CREVICE CORROSION Crevices commonly exist at gaskets lap joints bolts rivets

Crevice corrosion crevices commonly exist at gaskets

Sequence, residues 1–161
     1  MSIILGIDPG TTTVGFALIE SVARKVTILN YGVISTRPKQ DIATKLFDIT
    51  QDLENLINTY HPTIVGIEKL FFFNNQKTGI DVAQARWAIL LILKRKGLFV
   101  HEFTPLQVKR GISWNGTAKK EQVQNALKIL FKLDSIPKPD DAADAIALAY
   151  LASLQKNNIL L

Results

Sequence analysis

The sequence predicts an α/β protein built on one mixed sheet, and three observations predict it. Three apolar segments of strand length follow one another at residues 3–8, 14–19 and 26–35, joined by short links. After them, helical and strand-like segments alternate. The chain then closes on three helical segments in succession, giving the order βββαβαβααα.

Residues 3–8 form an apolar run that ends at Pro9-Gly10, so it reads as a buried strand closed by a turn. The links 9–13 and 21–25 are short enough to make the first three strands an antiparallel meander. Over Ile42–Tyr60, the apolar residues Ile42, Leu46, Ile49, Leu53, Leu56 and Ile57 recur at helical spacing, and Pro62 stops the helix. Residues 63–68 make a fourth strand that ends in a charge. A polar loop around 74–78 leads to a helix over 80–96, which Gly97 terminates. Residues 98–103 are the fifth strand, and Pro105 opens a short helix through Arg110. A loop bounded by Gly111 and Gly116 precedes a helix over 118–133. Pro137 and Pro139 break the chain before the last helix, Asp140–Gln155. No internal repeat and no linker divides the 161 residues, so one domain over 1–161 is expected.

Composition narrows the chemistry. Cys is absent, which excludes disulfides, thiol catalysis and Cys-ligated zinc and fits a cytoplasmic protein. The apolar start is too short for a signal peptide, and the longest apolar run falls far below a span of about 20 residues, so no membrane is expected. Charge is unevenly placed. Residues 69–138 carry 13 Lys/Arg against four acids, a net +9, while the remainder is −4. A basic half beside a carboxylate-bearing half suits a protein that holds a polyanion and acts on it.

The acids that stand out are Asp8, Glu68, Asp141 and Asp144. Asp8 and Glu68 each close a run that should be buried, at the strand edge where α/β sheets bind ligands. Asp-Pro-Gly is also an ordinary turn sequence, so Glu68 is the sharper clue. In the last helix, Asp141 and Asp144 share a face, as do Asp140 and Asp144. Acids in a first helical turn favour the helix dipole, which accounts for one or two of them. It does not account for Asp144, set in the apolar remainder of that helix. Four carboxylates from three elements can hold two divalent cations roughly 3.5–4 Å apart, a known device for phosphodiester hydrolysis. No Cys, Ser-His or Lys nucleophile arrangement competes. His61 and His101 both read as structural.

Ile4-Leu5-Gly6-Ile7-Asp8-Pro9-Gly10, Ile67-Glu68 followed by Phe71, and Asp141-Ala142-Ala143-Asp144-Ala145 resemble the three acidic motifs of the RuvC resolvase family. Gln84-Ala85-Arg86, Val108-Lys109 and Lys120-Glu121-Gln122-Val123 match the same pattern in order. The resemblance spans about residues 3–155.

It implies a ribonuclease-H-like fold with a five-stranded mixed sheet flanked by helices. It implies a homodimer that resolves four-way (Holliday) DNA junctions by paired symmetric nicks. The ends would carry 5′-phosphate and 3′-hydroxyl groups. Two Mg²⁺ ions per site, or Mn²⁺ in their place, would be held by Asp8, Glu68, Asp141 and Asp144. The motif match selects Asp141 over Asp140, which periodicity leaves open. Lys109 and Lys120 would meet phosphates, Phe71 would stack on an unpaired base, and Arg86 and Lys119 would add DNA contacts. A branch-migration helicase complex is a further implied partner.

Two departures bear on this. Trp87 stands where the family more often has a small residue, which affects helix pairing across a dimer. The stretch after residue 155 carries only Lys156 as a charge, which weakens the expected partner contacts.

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4.CREVICE CORROSIONCrevices commonly exist at gaskets, lap joints, bolts, rivets, etc.They are also created by dirt deposits, corrosion products, scratches in paint films, etc.This type of corrosion is usually attributed to one or more of the following: (a)Change in acidity in the crevice.(b) Lack of oxygen in the crevice.(c)Build-up of a detrimental ion species in the crevice.(d) Depletion of an inhibitor in the crevice. Like all forms of localized corrosion, crevice corrosion does not occur in all metal-corrodent combinations. Some materials are more susceptible to it than others; namely those which depend on an air formed oxide film to achieve their corrosion resistance, such as stainless steel, titanium. These materials can be alloyed to improve their resistance. 5. PITTING CORROSION Pitting corrosion is the formation of holes in an otherwise relatively unattacked surface. These holes can have various shapes. The shape of a pit is often responsible for its continued growth, for the same reasons mentioned under crevice corrosion. A pit can, in effect, be considered a self-formed crevice. Pitting corrosion results from an electro-chemical reaction between the broken film as anode and the surrounding unbroken film as cathode which forms a small galvanic cell and produce pits. To minimize pitting, a clean, homogeneous surface is desirable. For example, a pure homogeneous metal with a highly polished surface will generally be much more resistant than one with many inclusions, defects and a rough surface. Pitting is usually a slow process (taking several months or years to become visible) but it can still cause unexpected failures. The small size of a pit and the small amount of metal that has to be dissolved to form pitting and make detection difficult in the early stages. Surface cleanliness and selection of materials known to be resistant to pitting in the given environment are usually the safest ways of avoiding the problem. 6. EXFOLIATION AND SELECTIVE LEACHING Exfoliation is sub-surface corrosion that begins on a clean surface but spreads below it and differs from pitting. In exfoliation the attack has a laminated appearance. Whole layers of material are eaten away. Their attack is usually recognizable by a flaky and sometimes blistered surface. The end of a sample has the appearance of a pack of cards in which several cards are damaged. It is well known in aluminium alloys. It can be combated by heat treatment and alloying Selective leaching (sometimes called Parting) is the removal of one element in an alloy. The most common example is the removal of zinc in copper-zinc alloys. This is known as dezincification. It takes place in brasses containing more than 15% zinc. This type of corrosion is common in brass pipes.
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